Access restricted
Abstract

This contribution deals with the effects of atmospheres. It considers the interest in atmospheres as part of a fundamental change in the mode of individual reasoning which is characterised in contemporary post-industrial societies by an ‘experience orientation’. Atmospheres, which highlight the fact that the subjective state of a person can change in relation to the sensory qualities of the environment, become an interesting concept within this development. The chapter starts from the observation that – in spite of the importance that atmospheres have for spaces of leisure and tourism – there is little research on atmospheres in leisure and tourism studies. It presents three dimensions of effects of atmospheres (emotions and affective tonalities, attention, gesture) that allow us to understand why and how atmospheres matter. The second part links the effects of atmospheres to leisure and tourism, where it proposes distinguishing the corporeal and the sociocultural dimensions of atmospheres. Finally, it discusses the possibilities of designing atmospheres and stresses the necessity for further empirical research.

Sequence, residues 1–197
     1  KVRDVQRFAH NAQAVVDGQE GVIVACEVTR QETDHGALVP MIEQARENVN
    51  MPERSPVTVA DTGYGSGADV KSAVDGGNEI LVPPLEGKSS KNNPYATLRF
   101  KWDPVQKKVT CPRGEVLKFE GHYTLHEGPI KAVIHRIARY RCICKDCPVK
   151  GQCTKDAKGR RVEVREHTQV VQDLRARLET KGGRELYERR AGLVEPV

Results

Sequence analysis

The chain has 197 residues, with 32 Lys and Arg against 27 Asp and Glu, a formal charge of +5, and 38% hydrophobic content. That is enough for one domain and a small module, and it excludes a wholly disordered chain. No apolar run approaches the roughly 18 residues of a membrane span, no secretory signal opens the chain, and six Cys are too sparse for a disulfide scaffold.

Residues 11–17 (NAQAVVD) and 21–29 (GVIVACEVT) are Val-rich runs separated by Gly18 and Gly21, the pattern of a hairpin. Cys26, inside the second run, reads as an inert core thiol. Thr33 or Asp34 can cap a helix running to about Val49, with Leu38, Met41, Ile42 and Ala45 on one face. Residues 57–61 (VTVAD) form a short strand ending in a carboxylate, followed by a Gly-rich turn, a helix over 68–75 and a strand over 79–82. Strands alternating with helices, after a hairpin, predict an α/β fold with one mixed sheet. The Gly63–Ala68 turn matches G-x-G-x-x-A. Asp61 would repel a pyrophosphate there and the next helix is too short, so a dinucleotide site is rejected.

Access restricted
Abstract

Brand theory and practice have remained quite two-dimensional to this day and focus on logos, corporate design, website design, etc. As with atmospheres, it was the sales room where the brand idea was spatialised early on. This chapter discusses how to spatialise brand theory and to connect it with the place atmosphere model. Moreover, the chapter works out how the bridge between the strategy of an organisation (company, hotel, destination, etc.), its brand personality and the strategy of spatial design can be built. The brand personality shows itself in the long-term handling of the eight W questions of the brand space strategy (Who, Where, Wherein, What, Whom, Way to, What for and Why).

Access restricted

Part 2: Atmosphere in Tourism, Hospitality and Events

Abstract

This chapter bridges theories of product development in tourism destinations with the analytical concept of genius loci (‘the spirit of a place’) used in writings on architecture and design. Assuming that spatial and symbolic uniqueness are critical ingredients to create attractive tourism experiences, the chapter proposes a schematic process for atmospheric interventions. Atmospheric interventions are presented as a technique which, first, understands the essential role of atmospheric contexts for tourism experiences; second, conceives transformations of atmospheres in a manner that take their complex nature into account; and third, sees value in respecting and enhancing the traditioned character of places and their atmospheres. Overall, this chapter suggests preference for a humble and careful approach of atmospheric interventions over decontextualised attempts to redesign atmospheres from scratch.